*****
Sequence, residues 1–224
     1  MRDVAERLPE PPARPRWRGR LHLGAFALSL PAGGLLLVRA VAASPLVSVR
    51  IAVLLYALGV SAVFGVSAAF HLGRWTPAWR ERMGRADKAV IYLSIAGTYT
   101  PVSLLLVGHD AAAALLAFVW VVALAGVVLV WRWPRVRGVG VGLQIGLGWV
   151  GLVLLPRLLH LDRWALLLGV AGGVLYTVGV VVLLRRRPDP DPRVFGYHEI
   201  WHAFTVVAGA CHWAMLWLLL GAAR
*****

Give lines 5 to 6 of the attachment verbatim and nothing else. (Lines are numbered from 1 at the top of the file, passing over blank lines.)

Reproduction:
   151  GLVLLPRLLH LDRWALLLGV AGGVLYTVGV VVLLRRRPDP DPRVFGYHEI
   201  WHAFTVVAGA CHWAMLWLLL GAAR